What Costs to Expect When Opening a Retirement Account

December 03, 2014

Connect Member

Founder of Social(k). Sustainable retirement planning entreprenuer. Go Fossil Free.


If you are interested in opening a retirement account, you probably want to know what it will cost you.

The components you need and will be paying for are as follows: a bucket, and a few interesting things to throw into it.

Did I lose you with all that financial lingo? Let me break it down for you. There are two components to your retirement account:

1. The Bucket is the retirement account itself.  Usually in the form of an IRA, a 401(k), or a 403(b). Any type of retirement account can be considered a bucket. These can be simple or complex, depending on what you need, and that’s where the costs vary. But we will get to that later.

2. The Interesting Things are investments you put in the bucket. Mutual Funds, Exchange Traded Funds, Managed Portfolios, Certificates of Deposit and other investments can be considered the interesting things.

Now let’s get to the important part: The costs.

Bucket (aka Retirement Account) Fees

There are many types of retirements accounts: There’s your IRA at the local bank, the IRA with an online provider, an old 403(b) from when you were a substitute teacher, a 401(k), SEP-IRA, or SIMPLE IRA. There are costs to own any type of account. The fee could be in the form of a direct annual bill, an annual debit from the account, or it could be embedded into the cost of the investment purchased in the account. If you set up this account independent of your employer, you will have to pay this. Usually if the employer is responsible for the account, they will pay. The fees for the bucket can be charged as an actual dollar amount or a percentage of assets.

An IRA is an easier account to maintain and will have a lower fee than a 401(k). If your IRA has a higher annual fee, it is usually because it receives no compensation from investments inside the account. IRA accounts with very low fees are usually subsidized by the investment firm managing the account and the investments inside the account. They may receive money when you make an investment, annually as a small percentage of the investment, or even by selling your data.

An account can be much larger and more complex than an IRA, like a 401(k) with multiple employees in the plan set up by your employer. Here everyone’s assets are all in one big bucket, or 401(k). Don’t worry, yours won’t get lost in the bucket. Your employer hires a record keeper to keep the details of the bucket and of all the accounts and values inside it sorted. They also need a third party administrator to do the work of maintaining the plan document and filing annual plan reports. Of course, this work doesn’t come for free. The fees for this work can be in the form of a direct bill to the employer, a direct fee to participants (i.e., you), an added percentage to plan assets, or as payment from asset managers. An example of “hard” dollar costs is the annual bill the record keeper will send for $1,000, plus $40 per participant, to do the work of tracking the value of the accounts. Other ways to collect fees are “soft” dollar costs, when the expense ratio of the investment fund is raised to accommodate other fees. Mutual Fund ABC might charge 1 percent to operate, but a record keeper could add 0.25 percent, for a total of 1.25 percent cost against investment returns.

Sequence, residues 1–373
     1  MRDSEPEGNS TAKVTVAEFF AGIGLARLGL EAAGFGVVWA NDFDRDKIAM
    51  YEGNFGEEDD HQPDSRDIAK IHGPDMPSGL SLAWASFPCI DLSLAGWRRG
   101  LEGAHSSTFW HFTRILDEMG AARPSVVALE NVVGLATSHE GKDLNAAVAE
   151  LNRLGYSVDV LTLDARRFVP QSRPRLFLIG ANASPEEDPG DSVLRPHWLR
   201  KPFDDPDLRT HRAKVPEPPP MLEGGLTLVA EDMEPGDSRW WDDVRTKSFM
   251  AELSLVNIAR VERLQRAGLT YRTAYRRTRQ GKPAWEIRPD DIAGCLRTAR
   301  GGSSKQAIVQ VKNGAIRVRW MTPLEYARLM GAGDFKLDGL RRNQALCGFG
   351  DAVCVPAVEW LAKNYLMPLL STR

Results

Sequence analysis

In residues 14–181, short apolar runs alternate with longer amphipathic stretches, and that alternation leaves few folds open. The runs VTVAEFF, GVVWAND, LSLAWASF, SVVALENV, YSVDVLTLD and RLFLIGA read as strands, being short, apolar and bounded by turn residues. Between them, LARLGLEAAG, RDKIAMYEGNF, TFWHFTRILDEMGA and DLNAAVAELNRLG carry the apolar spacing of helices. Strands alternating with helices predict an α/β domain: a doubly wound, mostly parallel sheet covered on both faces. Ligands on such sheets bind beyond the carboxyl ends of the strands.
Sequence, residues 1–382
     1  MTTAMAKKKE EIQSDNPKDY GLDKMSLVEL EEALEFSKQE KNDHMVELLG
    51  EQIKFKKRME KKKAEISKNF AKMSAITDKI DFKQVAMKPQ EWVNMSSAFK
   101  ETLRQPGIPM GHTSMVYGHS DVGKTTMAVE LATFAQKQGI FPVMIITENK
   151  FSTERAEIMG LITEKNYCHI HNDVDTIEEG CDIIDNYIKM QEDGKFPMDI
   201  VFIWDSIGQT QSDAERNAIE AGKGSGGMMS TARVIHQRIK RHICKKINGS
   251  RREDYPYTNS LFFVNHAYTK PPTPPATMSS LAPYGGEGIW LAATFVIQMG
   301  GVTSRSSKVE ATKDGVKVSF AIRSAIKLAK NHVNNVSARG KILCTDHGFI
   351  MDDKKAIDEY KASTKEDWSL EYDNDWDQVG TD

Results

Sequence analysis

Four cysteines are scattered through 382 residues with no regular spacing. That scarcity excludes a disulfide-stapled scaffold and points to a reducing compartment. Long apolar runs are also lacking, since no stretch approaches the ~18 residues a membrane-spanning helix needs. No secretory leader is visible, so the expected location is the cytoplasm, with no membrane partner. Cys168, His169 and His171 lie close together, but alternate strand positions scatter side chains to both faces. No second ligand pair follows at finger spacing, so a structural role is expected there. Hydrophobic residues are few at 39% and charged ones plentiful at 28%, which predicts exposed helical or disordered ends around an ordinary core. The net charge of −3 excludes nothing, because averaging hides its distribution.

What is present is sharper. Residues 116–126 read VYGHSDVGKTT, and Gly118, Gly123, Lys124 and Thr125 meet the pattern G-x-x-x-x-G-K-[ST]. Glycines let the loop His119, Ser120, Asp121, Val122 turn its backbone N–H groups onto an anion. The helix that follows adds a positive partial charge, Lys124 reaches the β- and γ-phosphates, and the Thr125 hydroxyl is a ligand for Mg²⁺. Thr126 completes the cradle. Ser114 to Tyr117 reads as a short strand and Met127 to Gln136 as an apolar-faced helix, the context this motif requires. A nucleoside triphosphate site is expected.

Fees for the Interesting Things (aka Investments)

The typical investments in retirement accounts are Mutual Funds and Exchange Traded Funds. These have expense ratios — the amount each investment manager charges to manage your money, given as a percentage of assets under their control. For example, you may be told the annual fee to manage a specific fund is 1 percent. Keep in mind the percentage depends on underlying cost structure and asset base under management. If cost is fixed at $1,000,000 annually, a smaller fund pays a higher percentage than a larger fund. A small fund might charge 1.5 percent annually, while a large one might charge 0.5 percent and bring in the same dollar amount. Compare the expense ratios of these funds to that of their peer groups. Some investments cost less, some more. Performance is shown after the fund expense ratio is applied; for example, you may see that the fund made 10 percent last year but you only saw 9 percent. The fund kept 1 percent for the work. Obviously, a lower fee for the work is better, but overall performance against peers is also important.

Before investing, you need to consider how much they are charging you to buy the investment, and how much they are charging to manage the investment annually. Sometimes these two numbers are related, like points at a mortgage closing and the rate. More points, lower rate.

I know this is a lot of information to take in, but once you understand what you will be paying for your bucket and what’s in it, it will become easier to shop around and find the perfect bucket for whatever you plan on filling it with.

Robert Thomas is a member of the DailyWorth Connect program. Read more about the program here.